I have played a lot of golf and a lot of guitar and I can tell you that there is only one way to develop touch, and that is to play a lot. The only way our preaching will gain this kind of deftness will be through frequency of preaching. Listening to preaching (including our own) also helps. Ironically, touch is related to another of the senses – namely, our sense of hearing. The more we listen to great preaching, the more we will develop our ear, making it easier to appreciate just how heavy our touch will need to be. Attentiveness to our listeners would not, also be ill-served.

I can think of numerous sermons where the impact was blunted either by an overly expressed and over anxious conclusion. I have heard preachers who “had me” at a point, but then proceeded to “lose me” by pushing beyond the necessary to the narcoleptic. Oh, for preachers who understand that most often, less is more. What would we give if our preachers could gain a tangible sense of touch.

How Preachers can Harm the Depressed (or all of us for that matter).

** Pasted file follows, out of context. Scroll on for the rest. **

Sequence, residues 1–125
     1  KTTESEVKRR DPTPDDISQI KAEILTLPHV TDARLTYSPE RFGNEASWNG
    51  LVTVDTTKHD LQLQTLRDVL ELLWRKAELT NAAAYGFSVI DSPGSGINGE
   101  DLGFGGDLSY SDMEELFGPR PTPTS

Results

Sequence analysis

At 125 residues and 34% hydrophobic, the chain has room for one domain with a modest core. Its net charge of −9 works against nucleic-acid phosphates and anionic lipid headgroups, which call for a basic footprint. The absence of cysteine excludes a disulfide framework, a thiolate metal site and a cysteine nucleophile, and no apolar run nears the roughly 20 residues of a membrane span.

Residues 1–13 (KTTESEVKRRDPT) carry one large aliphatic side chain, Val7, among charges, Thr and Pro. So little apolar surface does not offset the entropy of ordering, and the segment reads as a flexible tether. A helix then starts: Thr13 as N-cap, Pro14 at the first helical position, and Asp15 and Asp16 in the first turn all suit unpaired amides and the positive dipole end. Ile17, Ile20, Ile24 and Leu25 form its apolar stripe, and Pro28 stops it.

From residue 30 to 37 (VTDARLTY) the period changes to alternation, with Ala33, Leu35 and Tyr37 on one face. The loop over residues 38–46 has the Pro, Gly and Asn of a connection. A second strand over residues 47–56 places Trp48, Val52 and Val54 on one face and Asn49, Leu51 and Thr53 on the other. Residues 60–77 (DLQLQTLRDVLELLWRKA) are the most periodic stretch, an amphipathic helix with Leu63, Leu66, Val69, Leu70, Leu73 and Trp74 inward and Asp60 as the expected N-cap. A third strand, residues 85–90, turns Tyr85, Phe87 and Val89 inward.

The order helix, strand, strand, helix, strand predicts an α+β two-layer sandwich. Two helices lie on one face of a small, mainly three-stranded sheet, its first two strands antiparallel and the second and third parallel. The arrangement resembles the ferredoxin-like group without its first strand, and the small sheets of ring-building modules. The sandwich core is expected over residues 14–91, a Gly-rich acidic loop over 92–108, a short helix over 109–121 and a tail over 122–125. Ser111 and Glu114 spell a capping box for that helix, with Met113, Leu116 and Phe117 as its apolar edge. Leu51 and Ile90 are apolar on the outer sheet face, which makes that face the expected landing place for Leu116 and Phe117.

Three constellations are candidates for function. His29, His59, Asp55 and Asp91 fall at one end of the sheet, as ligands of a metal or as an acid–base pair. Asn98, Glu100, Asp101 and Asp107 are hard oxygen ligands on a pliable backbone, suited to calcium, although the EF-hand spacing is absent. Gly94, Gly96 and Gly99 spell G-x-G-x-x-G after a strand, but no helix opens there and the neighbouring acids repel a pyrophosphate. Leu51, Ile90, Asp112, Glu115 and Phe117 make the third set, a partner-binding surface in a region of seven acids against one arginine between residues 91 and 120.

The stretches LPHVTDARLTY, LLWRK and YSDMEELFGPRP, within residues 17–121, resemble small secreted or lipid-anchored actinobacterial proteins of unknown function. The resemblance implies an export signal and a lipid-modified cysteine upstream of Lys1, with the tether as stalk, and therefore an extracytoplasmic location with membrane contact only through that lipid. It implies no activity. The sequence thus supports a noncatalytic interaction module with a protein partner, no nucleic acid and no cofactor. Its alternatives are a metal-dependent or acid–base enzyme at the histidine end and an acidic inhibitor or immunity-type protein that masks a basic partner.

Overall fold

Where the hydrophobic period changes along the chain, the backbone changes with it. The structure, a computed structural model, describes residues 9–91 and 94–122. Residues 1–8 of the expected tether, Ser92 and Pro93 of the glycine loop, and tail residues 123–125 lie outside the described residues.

A few months ago, David Murray offered a blogpost over at in which he raised questions concerning the kind of sermons that can harm those who are suffering from clinical and other forms of mental depression. I was impressed with his insight and thought I would share the substance of it here. These, according to Murray, are offerings by which “preachers can harm the depressed.”depresssion

Sermons that over-stress the moral evils of the day. They are anxious enough through hearing the daily news without every church service ramping up the “we’re doomed” rhetoric. A steady diet of gloomy sermons is not going to lift up the head or heart of the cast down.